Google serves ads to users of its Gmail service based on the contents of their e-mails, which has prompted questions from privacy and rights activists for years. However, while Gmail users may agree to agree to such usage of their data by Google, those who don't use Gmail clearly have not.
That is the at the core of the class action lawsuit against Google that it is seeking to settle. Plaintiffs argue that Google's scanning of e-mails sent by non-Gmail users to Gmail users violates the federal Electronic Communications Privacy Act and California Invasion of Privacy Act.
Google presented a proposed settlement but it has been rejected by U.S. District Judge Lucy Koh in San Jose, California. It provided for up to $2.2 million in fees and expenses for the plaintiffs lawyers, but none for the plaintiffs. Judge Koh questioned whether the settlement would ensure Google's compliance with the law in the future.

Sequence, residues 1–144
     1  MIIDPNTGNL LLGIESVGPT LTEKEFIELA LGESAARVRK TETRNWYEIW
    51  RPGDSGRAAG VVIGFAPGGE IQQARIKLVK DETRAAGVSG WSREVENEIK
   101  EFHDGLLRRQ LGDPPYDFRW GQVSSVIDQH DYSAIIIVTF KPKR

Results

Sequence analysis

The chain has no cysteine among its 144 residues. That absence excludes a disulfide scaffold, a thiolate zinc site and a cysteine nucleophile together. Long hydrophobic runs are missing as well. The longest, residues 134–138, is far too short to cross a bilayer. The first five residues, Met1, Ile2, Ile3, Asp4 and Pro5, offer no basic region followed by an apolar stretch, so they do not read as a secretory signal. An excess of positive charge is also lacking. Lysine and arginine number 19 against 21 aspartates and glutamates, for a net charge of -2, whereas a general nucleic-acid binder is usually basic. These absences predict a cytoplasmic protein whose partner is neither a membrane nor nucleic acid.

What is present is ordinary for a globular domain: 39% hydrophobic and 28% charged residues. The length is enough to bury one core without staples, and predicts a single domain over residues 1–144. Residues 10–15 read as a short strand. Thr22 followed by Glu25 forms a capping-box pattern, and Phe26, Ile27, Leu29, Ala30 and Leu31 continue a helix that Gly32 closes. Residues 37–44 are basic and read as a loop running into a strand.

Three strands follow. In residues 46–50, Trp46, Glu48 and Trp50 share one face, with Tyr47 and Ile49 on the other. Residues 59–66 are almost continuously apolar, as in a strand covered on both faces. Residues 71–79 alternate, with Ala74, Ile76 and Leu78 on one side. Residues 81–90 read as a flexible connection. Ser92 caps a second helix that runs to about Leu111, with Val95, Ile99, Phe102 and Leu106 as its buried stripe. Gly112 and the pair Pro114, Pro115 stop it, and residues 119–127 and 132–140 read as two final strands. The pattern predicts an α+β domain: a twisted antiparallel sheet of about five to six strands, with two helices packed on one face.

Koh also found proposed disclosure notices to be inadequate, comparing to a similar accord with Yahoo that requires more disclosures.
"In sum, based on the parties' current filings, the court cannot conclude that the settlement is fundamentally fair, adequate, and reasonable," Koh wrote, reports Reuters.
Written by: James Delahunty @ 16 Mar 2017 13:32